KUALA LUMPUR: Malaysians should not be parochial on AIRASIA's decision to relocate its Asean base to Jakarta as it is a move to regionalise the no-frills airline, says AIRASIA X chairman Tan Sri Rafidah Aziz.
She said AirAsia and its long-haul affiliate, AirAsia X, made the business decision to establish its hub in Indonesia, while retaining the low-cost airline's headquarters in Malaysia.
In reality, Malaysians should be proud that its home-grown company had set up a hub in another country, she told Bernama.
“We are not a Malaysian airline for Malaysia; we are a regional airline. Indonesia is a big market on its own and we have to tell the world that we are really regional.
“This exercise is done by many other companies in the world. Just like how Malaysia attracts other multinationals to set up their regional hub here.
“We (AirAsia and AirAsia X) always advocate our companies and employees to go global and this is the time to do it. When we have an opportunity like this, we need the support of all Malaysians,” the former International Trade and Industry Minister said.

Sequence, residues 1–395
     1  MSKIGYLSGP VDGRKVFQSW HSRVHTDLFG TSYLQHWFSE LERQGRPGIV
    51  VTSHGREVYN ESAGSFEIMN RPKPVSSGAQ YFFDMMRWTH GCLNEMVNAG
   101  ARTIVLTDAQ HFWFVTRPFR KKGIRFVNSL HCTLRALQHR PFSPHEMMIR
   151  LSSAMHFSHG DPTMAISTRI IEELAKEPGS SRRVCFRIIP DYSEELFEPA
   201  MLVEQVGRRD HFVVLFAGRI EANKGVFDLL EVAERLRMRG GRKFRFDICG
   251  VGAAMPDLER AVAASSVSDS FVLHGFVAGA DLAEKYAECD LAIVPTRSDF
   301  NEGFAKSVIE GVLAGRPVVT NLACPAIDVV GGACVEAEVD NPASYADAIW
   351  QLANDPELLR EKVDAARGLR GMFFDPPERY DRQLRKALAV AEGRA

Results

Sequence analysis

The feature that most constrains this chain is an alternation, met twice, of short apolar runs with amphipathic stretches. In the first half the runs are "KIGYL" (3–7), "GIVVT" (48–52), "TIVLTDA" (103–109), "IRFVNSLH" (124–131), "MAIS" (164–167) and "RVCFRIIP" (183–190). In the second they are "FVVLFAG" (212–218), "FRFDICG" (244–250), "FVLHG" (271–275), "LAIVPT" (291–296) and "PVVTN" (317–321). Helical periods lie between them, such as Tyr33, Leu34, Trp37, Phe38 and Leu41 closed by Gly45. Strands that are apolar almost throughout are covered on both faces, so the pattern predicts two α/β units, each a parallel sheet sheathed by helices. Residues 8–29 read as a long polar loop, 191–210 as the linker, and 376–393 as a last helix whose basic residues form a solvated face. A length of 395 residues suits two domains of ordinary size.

On June 13, AirAsia chief executive officer Tan Sri Tony Fernandes announced that the low-fare airline was moving its Asean hub to Jakarta, drawing flak from several parties on the possibility that Malaysia might lose its position as the leading low-cost carrier hub in the region.
Fernandes, AirAsia's co-founder, had said he would be moving to Indonesia to take charge of the airline's Asean expansion programme, while Aireen Omar, the airline's regional head of corporate finance and treasury, would head the operations in Malaysia.
Rafidah said that from an Asean base in Jakarta, AirAsia would be able to expand in Indonesia, the biggest economy in South-East Asia, and later to other developing economies in the region.
“Who knows we might have a regional hub in West Asia, an office there to cater for countries like Iran or a base in East Asia for China.
“I am very sure that the move will impact AirAsia's global branding very positively. Our headquarters is here and we are regionalising our offices. Nothing wrong in that,” she said.
Rafidah also said AirAsia and AirAsia X must now build on the airlines' mature routes and make sure the routes continued to provide sustainable profit to ensure the income stream was not disrupted once the Asean Open Skies Policy comes into effect in 2015.
“While the mature routes bring in income, new sustainable routes must be found,” she said, adding that she was confident AirAsia can cope with the keen competition once the policy comes into force. Bernama
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